The largest study of its kind has unexpectedly concluded that smoking marijuana, even regularly and heavily, does not lead to lung cancer. The new findings "were against our expectations," said Donald Tashkin of the University of California at Los Angeles, a pulmonologist who has studied marijuana for 30 years. "We hypothesized that there would be a positive association between marijuana use and lung cancer, and that the association would be more positive with heavier use," he said. "What we found instead was no association at all, and even a suggestion of some protective effect." Federal health and drug enforcement officials have widely used Tashkin's previous work on marijuana to make the case that the drug is dangerous. Tashkin said that while he still believes marijuana is potentially harmful, its cancer-causing effects appear to be of less concern than previously thought. - Washington Post

Newly released figures from the U.S. Census Bureau show that the nation's Latino population grew by 1.4 million in 2007 to reach 45.5 million people, or 15.1% of the total U.S. population of 301.6 million. Blacks ranked as the second-largest minority group, at 40.7 million. . . Four states and the District of Columbia were regarded as "majority minority," meaning that more than 50% of their population consists of nonwhites. Hawaii led the nation, with a population that was 75% minority in 2007, followed by the District of Columbia (68%), New Mexico (58%), California (57%) and Texas (52%). . . * California had the largest Latino population of any state last year, with 13.2 million accounting for 36% of the total population. Texas was next, with 8.6 million (also 36% of the population), followed by Florida, with 3.8 million (21%). . . Nationally, Latinos were the fastest-growing minority group, with a 3.3% population increase. Asians were the second-fastest-growing group, with a 2.9% increase. The black population grew by 1.3%, and the white population grew by 0.3%. Native Americans grew by 1%, and native Hawaiians and other Pacific Islanders grew by 1.6%. LA Times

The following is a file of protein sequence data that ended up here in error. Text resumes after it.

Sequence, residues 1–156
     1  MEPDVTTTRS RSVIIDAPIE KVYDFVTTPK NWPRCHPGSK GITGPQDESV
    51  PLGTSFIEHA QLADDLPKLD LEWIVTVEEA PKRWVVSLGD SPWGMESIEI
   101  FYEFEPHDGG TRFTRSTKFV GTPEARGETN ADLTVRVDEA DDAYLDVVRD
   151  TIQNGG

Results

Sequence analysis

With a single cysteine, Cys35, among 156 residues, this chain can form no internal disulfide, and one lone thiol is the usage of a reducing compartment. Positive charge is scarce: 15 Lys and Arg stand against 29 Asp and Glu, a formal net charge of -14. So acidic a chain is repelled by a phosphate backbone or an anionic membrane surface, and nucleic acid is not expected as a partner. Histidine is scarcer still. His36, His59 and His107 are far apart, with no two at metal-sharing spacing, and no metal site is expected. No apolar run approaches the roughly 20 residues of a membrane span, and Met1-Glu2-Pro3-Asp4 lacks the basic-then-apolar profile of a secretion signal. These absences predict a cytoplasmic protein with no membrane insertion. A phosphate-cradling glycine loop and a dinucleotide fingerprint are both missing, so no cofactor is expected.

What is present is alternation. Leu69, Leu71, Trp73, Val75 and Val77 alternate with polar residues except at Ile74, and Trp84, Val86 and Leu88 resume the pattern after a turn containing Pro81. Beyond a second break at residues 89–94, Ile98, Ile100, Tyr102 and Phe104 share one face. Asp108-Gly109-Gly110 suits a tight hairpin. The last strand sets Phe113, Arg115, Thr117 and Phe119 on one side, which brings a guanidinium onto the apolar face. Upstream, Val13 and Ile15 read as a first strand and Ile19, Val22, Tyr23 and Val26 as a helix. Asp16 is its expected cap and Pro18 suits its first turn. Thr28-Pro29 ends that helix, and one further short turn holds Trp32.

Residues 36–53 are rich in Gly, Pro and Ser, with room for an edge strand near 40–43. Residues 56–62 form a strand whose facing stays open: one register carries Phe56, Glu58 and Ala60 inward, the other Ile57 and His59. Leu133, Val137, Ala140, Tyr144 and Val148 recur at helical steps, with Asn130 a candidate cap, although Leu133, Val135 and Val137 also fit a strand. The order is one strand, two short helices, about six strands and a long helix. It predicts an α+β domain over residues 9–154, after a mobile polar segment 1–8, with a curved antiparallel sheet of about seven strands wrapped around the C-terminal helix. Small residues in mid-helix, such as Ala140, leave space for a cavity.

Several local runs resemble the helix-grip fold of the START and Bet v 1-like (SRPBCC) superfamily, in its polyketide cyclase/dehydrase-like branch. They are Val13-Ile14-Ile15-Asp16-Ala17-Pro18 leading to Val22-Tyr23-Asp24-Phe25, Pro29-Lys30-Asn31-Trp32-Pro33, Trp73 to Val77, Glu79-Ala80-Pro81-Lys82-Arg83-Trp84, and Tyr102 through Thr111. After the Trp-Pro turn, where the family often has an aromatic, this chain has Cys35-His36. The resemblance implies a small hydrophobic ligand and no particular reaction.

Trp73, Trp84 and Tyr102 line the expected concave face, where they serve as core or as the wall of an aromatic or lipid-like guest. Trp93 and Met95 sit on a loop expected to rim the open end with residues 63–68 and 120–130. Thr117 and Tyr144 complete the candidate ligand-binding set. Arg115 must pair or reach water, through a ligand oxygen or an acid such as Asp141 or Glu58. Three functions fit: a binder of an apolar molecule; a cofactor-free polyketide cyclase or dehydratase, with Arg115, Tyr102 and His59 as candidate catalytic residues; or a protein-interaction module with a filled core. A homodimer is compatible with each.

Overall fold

Of the myriad losers in a [Florida] budget that cuts a record $4 billion in spending, public education will lose the most -- with Miami-Dade and Broward schools getting hit hardest of all. The two biggest counties together will shoulder more than a third of the $332 million in cuts to K-12 classroom spending in the proposed budget lawmakers will approve when the legislative session ends. . . The biggest budget winner: prison builders. They'll get $305 million to build one private and two public lockups. By the end of the budget year on June 30, 2009, the prison population is anticipated to swell to 107,000. Miami Herald



SSRI STORIES is a collection of 2200 news stories with full media articles, mainly criminal in nature, that have appeared or that were part of FDA testimony in either 1991, 2004 or 2006, in which antidepressants are mentioned. Antidepressants have been recognized as potential inducers of mania and psychosis since their introduction in the 1950s. Since the introduction of Prozac in December, 1987, there has been a massive increase in the number of people taking antidepressants. Preda and Bowers reported that over 200,000 people a year enter a hospital with antidepressant-associated mania and/or psychosis.


At May 2, 2008 5:35 PM, Anonymous robbie said...

Thank you SO MUCH Washington Post for letting us know about the marijuana study nearly TWO YEARS after it was published. Johnny on the spot, aren't ya!